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Dozens Of People Still Unaccounted For In Florida Condo Collapse


For dozens of families in Surfside, Fla., it was another day of waiting and hoping following the partial collapse of a 12 story condominium. Miami-Dade Mayor Daniella Levine Cava delivered the difficult news today that searchers have recovered the bodies of four victims. And she said that there are now at least 159 people who had been living or staying at the building who are still missing. But Cava said the effort to find survivors has not let up.


DANIELLE LEVINE CAVA: We will continue search and rescue because we still have hope that we will find people alive.

CHANG: NPR's Greg Allen spent the day in Surfside talking to some of the families and joins us now. Hi, Greg.


CHANG: So they've been searching for two days now. And I understand that there's still very little sign of life in the rubble at this point. What have the conversations been like between you and some of these families?

ALLEN: Well, the people I've been talking to, the family members - you know, among them, there's a real sense of resignation. I heard from just about everyone. Bettina Obeis, for example - she flew in Thursday morning from Washington, D.C., on a whim to see her aunt and uncle who lived in the Champlain Towers there in Surfside. She drove from the airport. She knew when she landed that - what had happened. And she drove from the airport and saw the place where their building had been.

BETTINA OBEIS: And I saw it. I'm not a very dramatic person or cry very easily. But when I saw it, I screamed and cried because I know that they were gone.

ALLEN: Obias says her aunt, Maria Bonnefoy, was a special person, an artist and a musician originally from the Philippines who worked for the International Monetary Fund for many years before retiring. Obias says now she's just trying to hold on to hope.

OBEIS: I know that there are people there that are still trying to stay alive. So I'm hoping that - also that my aunt, who was just very physically fit - that she's still alive. But when you're close to family, you know when they're gone, right?

CHANG: Do you get the sense, Greg, that family members like her and others are feeling that enough is being done to find these people?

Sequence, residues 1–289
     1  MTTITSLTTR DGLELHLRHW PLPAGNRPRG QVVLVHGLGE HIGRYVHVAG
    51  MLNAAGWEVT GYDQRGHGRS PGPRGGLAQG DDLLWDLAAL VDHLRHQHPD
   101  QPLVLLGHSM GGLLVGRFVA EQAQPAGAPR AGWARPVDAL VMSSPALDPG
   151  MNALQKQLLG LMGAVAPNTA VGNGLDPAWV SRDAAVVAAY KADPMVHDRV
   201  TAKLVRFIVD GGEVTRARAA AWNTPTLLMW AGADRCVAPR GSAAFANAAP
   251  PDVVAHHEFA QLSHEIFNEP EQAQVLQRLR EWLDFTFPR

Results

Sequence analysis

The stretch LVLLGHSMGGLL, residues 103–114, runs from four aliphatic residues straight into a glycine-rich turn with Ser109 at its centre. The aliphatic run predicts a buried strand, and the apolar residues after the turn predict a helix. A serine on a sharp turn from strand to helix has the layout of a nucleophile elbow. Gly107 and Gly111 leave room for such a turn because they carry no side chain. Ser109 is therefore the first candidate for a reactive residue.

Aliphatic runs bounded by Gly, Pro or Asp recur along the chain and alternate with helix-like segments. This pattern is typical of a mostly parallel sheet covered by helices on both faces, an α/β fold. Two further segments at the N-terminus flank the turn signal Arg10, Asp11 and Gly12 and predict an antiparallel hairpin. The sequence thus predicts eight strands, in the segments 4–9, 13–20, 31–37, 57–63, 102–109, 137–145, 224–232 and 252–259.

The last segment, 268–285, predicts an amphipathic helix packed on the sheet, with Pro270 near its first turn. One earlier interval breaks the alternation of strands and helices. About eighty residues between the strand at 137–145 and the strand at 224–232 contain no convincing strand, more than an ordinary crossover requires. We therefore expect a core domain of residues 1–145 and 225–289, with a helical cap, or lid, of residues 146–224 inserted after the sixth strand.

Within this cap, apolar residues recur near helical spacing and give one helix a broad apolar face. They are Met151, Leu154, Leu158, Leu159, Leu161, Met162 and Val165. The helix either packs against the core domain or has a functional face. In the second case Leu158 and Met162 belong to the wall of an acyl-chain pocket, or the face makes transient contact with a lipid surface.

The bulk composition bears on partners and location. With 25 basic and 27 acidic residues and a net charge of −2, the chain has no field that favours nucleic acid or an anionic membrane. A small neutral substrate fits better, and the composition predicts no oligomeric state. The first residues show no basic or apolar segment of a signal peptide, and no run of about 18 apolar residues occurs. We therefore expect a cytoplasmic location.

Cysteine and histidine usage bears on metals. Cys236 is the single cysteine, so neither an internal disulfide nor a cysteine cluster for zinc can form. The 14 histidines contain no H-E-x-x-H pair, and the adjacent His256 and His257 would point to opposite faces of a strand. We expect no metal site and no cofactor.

ALLEN: Well, it's interesting. I spoke to Magally Ramsey. Her mother, 80-year-old Magally Delgado, lived in one of the units that collapsed. She's been at the center there in Surfside for all the family members for the last two days. She said there was a sense that many were upset because they were getting so little information coming in about the search and rescue effort. But she says now officials - they briefed the families today and pledged to give them regular updates.

MAGALLY RAMSEY: Other than this horrible thing that's occurring, the worse other thing is not knowing. And so they've committed to give us updates every four hours. And to that, I am incredibly grateful. And for that, I will be patient.

CHANG: OK, well, just give us a sense of how the search and rescue effort is being conducted.

ALLEN: Well, you know, officials say it has to be done slowly and methodically. You've got this huge, unstable rubble pile there in Surfside. And crews are using heavy machinery now to gently remove kind of the lighter material from the top to try to uncover pockets where there could be survivors. And meanwhile, other crews are working for the parking garage area, using saws and jackhammers to tunnel into the rubble. Here's the Miami-Dade assistant fire chief, Ray Jadallah.

RAY JADALLAH: We are listening for sounds. It's not specifically, you know, human sounds. It could be, you know, tapping. It could be steel, you know, kind of twisting. It could be some of the debris kind of raining down. So we concentrate in those areas.

ALLEN: You know, so far, Jadallah says, they haven't heard any signs or voices in the rubble from possible survivors. And there will be an investigation, but no indication yet what's caused the collapse.

CHANG: All right. That is NPR's Greg Allen in Surfside, Fla., giving us the latest. Thank you so much, Greg.

ALLEN: You're welcome. Transcript provided by NPR, Copyright NPR.

As NPR's Miami correspondent, Greg Allen reports on the diverse issues and developments tied to the Southeast. He covers everything from breaking news to economic and political stories to arts and environmental stories. He moved into this role in 2006, after four years as NPR's Midwest correspondent.